Ever since Lenovo acquired Motorola, we were afraid the new parent company might adopt some new kind of manufacturer skin for future Moto phones. We are happy to see that Lenovo decided to keep Motorola's software on the same track that it's been on, since even before Google acquired it back in 2013. The Moto X's software was so minimally intrusive and well optimized with just the right amount of value-added software features.
The Moto Z2 Force's software is in the same boat. It's a minimalistic yet efficient interface that runs near-stock Android, and it has useful and unique software features that are not redundant with Google or Android's set of features. Perhaps Samsung could learn a thing or two from Motorola's software engineers.
Anyway, Moto's UI is lean and clean. Starting off with the launcher, it looks a lot like the Pixel's launcher, complete with a swipe-up app-drawer. You can tap and hold the white tab on the right of the drawer to scroll through apps by letter. The most frequently used apps are on the top row.
Launcher settings are pretty barebones. The wallpaper chooser is the same one found on the Google Pixel and on the Play Store as Google's "Wallpapers" app. You can choose between live wallpapers and various categories.
Widgets are also a familiar deal, scroll through widgets and you tap-and-hold to place it on your home screens. There are two more options behind the Settings cog: A home screen rotation toggle (which is ON by default), and a toggle for showing your Google Feed on the leftmost screen.
Even Google Now has made it to Moto's stock launcher. Swiping past the leftmost home screen will pop you into Google Now so you can take a quick peek at Google cards.
The Lock Screen has your standard notifications view: double tap on a notification to open the app or pull it down for more information. Otherwise, there are two shortcuts here: swipe from the left for a Google Assistant Voice Search or Swipe from the right for the camera.
There are two places where you can interact with notifications: the lock screen and the Moto Display screen. We'll talk about Moto Display in the Moto Enhancements section below.
Like much of the stock-Android UI, notifications are no different. Quick Replies are accessible right from the notification, as well as the aforementioned Active Display. You'll be able to reply right from the lockscreen as well, though this feature only works without a screen lock method or when Smart Lock is enabled. Otherwise you'll need to unlock the phone before you can Quick Reply.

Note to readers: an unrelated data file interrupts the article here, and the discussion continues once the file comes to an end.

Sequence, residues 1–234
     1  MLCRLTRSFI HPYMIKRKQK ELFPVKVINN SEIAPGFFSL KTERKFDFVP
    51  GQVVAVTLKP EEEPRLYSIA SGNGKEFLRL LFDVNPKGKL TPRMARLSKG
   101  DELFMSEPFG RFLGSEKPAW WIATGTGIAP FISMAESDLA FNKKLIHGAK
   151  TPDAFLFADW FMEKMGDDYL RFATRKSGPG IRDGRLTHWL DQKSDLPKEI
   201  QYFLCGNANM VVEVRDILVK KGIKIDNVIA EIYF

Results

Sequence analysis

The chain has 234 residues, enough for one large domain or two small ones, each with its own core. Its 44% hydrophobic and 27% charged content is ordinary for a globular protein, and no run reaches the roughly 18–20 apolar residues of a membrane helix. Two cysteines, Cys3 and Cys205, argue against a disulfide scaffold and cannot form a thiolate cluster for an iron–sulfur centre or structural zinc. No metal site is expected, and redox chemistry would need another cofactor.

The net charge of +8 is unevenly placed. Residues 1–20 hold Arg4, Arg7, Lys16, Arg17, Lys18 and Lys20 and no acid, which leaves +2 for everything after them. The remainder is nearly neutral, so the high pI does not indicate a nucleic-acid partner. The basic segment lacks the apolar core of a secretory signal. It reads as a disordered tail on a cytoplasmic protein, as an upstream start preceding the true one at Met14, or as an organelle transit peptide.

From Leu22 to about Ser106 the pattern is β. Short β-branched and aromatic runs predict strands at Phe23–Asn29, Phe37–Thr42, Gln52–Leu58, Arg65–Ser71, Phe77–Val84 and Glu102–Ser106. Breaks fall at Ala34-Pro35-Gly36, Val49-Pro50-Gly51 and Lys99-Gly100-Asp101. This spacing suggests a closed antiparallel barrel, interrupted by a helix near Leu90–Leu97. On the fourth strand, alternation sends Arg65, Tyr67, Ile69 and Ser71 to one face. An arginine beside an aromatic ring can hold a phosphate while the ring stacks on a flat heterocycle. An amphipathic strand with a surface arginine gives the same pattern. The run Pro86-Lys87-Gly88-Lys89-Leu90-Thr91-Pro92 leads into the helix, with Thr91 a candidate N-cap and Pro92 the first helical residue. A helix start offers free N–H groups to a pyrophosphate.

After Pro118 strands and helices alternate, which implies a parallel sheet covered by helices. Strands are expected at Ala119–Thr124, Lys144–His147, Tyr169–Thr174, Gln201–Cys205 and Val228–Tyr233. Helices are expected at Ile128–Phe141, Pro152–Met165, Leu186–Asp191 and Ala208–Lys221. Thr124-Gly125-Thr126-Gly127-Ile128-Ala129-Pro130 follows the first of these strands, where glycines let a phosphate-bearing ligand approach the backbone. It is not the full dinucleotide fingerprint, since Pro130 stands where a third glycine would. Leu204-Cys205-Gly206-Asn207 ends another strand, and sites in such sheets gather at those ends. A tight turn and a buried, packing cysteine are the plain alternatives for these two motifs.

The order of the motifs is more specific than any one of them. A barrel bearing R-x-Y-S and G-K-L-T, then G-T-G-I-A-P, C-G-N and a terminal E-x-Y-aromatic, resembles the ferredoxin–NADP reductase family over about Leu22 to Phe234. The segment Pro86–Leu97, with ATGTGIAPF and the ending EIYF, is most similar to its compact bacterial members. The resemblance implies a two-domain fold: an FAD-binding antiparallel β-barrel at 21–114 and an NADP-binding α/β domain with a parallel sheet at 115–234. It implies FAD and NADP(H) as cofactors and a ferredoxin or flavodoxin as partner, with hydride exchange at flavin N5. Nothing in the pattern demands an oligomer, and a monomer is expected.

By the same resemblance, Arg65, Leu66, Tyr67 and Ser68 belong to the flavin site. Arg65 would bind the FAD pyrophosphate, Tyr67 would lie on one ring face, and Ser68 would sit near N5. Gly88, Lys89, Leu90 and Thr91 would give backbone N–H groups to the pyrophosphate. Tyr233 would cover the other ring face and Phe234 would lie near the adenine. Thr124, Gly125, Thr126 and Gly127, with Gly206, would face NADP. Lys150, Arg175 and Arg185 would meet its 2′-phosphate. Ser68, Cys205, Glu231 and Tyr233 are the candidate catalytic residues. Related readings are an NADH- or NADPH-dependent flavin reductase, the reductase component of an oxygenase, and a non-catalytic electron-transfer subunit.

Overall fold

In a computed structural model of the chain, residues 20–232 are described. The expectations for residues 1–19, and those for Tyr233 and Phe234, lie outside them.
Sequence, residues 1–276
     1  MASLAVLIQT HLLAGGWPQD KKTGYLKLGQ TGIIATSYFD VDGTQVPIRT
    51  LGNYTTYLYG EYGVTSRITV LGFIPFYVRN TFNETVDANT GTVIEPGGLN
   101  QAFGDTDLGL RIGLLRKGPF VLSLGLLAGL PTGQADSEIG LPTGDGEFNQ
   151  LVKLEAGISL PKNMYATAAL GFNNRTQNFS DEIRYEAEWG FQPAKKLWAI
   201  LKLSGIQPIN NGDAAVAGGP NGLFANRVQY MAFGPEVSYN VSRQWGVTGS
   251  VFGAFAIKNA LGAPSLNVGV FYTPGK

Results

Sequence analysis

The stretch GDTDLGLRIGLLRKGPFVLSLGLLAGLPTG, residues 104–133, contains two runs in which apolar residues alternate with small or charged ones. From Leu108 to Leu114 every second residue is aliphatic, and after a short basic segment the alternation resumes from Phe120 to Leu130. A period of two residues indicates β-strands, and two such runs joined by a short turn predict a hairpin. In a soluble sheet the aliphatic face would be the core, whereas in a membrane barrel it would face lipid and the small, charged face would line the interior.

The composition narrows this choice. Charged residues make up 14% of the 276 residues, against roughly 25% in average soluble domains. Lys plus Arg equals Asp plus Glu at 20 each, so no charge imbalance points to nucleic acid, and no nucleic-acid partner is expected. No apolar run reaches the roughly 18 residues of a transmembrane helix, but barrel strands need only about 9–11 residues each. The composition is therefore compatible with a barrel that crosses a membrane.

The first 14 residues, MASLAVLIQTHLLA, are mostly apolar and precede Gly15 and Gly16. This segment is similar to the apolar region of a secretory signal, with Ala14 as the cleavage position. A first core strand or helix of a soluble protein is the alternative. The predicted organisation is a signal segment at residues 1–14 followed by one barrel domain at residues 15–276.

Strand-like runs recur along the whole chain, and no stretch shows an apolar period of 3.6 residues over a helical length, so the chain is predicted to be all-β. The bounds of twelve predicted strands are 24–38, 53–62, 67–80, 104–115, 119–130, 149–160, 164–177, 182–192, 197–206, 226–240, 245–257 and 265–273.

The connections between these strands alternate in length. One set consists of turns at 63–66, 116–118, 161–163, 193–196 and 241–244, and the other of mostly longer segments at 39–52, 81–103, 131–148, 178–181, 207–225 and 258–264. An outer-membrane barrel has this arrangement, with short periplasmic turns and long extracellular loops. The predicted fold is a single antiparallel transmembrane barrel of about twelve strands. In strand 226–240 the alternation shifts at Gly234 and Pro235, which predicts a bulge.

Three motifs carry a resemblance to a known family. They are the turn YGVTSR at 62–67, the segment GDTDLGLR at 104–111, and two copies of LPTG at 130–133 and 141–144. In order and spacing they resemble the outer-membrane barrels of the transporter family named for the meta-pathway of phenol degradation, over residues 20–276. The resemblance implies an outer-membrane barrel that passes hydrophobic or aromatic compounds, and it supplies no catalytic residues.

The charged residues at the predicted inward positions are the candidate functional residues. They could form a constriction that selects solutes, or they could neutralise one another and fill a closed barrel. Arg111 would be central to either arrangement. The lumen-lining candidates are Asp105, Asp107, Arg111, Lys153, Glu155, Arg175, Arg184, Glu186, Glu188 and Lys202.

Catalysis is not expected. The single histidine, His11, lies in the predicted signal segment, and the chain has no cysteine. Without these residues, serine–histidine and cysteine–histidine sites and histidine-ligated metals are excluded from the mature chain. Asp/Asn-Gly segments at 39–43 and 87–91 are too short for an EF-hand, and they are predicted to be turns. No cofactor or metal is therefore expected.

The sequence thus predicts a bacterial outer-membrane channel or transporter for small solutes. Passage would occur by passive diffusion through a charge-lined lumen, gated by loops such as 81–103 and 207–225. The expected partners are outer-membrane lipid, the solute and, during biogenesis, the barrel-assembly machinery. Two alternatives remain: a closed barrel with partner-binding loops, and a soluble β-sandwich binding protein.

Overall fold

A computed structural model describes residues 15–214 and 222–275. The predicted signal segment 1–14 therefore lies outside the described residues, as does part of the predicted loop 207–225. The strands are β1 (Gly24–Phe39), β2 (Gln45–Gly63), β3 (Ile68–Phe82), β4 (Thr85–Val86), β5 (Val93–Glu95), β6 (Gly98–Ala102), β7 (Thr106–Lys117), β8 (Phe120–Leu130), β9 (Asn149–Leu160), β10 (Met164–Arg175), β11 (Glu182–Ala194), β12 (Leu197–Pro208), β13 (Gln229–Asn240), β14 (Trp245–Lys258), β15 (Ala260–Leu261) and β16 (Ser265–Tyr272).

The Moto Z2 Force also supports multiple users out of the box. Add another user or guest account to the phone.
A double-pull of the notification shade shows you more quick toggles, while an edit button lets you rearrange and add new toggles.
Unique to the Moto Z's UI is the MotoMod toggle, which allows you to update or control the attached MotoMod's settings.
The Moto Z2's fingerprint scanner can be used in a number of ways. It can be used to wake/unlock the phone and it can be used to navigate the phone without the need of on-screen navigation buttons.
Gestures are used to navigate: swipe left to go Back, tap to go Home, or swipe right to switch between recent apps. You can even invert the Back and Recents gestures if you prefer it another way. Oh yeah, and press-holding the sensor for a short time will lock the screen, while press holding it for a longer time will summon the Google Assistant.
The Settings app is a standard affair. The top of the menu gives you suggestions to features and shortcuts to those features. Otherwise, the menu is not organized into tabs of categories; a single screen gives you access to all the settings, or you can search for a setting.